industrial farming, wholesale destruction of habitat, certainly gives animals a reason to refuse to sacrifice themselves and these conditions do not fulfill our responsibilities as people of the Earth to protect the land and ecological relations.

But animals can refuse to be sacrificed in certain ways, and given the state of the world, I feel like this is happening more and more. That being said, I do believe that animals can still agree to be sacrificed if approached in respectful ways. Our ancestors did use animals in ceremonies and continue to do so, however, these animals were not exploited or oppressed but honored through song and ceremony. We were not eating meat three meals a day, you know? Group hunting could be half a dozen to a dozen people that would really only be taking home a deer or two. I know a lot of people are going to disagree with this and I am prepared for that. But I think that it is important for decolonization and indigenous resurgence to have an important role in movements for animal liberation.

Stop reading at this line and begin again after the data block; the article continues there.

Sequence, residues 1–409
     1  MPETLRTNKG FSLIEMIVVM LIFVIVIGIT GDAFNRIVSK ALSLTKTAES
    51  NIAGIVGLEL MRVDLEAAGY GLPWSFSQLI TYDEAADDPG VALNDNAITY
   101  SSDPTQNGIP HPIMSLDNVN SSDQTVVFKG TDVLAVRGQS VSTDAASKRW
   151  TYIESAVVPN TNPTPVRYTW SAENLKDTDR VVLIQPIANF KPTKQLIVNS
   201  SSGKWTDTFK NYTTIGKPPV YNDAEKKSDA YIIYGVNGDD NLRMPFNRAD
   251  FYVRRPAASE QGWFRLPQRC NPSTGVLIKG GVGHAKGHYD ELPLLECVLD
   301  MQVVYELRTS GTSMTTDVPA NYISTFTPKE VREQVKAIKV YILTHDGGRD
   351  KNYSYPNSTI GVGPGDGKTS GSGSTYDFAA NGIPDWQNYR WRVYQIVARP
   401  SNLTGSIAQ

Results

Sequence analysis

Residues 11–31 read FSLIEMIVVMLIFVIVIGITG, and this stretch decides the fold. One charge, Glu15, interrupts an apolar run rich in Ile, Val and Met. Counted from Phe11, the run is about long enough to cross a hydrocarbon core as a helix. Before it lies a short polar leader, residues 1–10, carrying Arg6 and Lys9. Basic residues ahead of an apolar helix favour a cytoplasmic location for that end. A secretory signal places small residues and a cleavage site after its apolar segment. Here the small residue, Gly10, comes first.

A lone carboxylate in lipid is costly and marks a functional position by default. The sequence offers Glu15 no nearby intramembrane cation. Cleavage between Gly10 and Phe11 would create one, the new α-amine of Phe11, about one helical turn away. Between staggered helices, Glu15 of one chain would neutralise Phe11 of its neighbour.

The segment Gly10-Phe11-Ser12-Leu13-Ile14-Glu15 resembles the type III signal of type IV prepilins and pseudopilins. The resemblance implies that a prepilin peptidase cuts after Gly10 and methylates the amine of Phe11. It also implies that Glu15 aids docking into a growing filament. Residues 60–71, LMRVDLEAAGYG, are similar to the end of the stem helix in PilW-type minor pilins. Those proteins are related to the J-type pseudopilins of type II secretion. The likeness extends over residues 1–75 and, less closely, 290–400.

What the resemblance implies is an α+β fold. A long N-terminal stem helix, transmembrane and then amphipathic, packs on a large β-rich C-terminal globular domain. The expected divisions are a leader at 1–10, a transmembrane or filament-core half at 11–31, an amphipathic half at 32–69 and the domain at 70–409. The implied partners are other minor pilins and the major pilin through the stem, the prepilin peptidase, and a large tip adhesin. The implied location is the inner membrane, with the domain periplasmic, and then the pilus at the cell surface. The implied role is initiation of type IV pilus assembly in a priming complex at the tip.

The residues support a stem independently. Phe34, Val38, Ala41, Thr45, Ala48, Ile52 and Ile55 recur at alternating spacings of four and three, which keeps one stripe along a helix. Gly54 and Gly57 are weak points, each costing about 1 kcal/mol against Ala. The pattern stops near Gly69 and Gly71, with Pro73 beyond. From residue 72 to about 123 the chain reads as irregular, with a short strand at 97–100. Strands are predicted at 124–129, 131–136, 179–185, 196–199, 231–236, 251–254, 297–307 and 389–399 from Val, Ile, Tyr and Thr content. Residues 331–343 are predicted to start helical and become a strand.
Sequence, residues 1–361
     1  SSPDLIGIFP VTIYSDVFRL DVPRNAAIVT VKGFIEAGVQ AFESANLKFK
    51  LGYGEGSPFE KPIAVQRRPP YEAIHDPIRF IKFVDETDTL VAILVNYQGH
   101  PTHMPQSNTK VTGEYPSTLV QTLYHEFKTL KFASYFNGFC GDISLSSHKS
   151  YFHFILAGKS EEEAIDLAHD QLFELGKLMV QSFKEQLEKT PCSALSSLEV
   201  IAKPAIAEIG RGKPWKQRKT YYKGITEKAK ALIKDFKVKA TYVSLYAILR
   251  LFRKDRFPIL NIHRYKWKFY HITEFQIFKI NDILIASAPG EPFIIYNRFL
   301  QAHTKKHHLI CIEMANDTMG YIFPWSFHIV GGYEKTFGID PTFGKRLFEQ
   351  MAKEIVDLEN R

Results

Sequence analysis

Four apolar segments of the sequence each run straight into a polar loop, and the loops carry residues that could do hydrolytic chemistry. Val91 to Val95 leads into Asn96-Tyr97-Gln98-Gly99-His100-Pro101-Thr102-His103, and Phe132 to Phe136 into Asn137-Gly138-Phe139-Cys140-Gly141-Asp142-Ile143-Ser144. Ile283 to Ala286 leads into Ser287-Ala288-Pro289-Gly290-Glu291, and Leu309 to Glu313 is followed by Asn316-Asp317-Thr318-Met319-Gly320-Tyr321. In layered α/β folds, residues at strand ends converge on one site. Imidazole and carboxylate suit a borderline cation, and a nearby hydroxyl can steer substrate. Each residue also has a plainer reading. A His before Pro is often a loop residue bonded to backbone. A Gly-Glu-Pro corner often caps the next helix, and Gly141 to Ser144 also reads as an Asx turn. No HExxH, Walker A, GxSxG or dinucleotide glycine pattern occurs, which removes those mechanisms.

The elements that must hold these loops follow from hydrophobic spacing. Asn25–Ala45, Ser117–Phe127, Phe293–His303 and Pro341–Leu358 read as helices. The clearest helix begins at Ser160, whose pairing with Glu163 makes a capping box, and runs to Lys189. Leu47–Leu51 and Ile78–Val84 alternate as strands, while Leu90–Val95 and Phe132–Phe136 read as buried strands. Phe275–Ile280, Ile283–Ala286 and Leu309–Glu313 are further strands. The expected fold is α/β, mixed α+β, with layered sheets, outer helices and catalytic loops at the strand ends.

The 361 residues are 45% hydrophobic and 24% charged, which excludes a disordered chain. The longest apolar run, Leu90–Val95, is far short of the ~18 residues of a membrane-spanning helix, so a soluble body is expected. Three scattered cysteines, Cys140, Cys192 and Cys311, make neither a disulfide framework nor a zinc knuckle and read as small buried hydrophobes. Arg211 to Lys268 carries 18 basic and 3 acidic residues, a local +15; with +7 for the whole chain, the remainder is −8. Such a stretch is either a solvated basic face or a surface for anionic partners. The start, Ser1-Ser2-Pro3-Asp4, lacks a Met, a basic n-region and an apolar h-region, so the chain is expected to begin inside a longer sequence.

It really transforms how we see our responsibilities as settlers, as indigenous people, as mixed people, to each other and the Earth. And upholding treaty relations as well, which I could totally go on another whole rant, but I think I’m already over time. I just wanted to stress moving forward, that we are all part of that medicine wheel, dependent upon each other like all living beings are. We are all responsible for helping each other on our healing journey, which is a transformative
process that intertwines human and animal liberation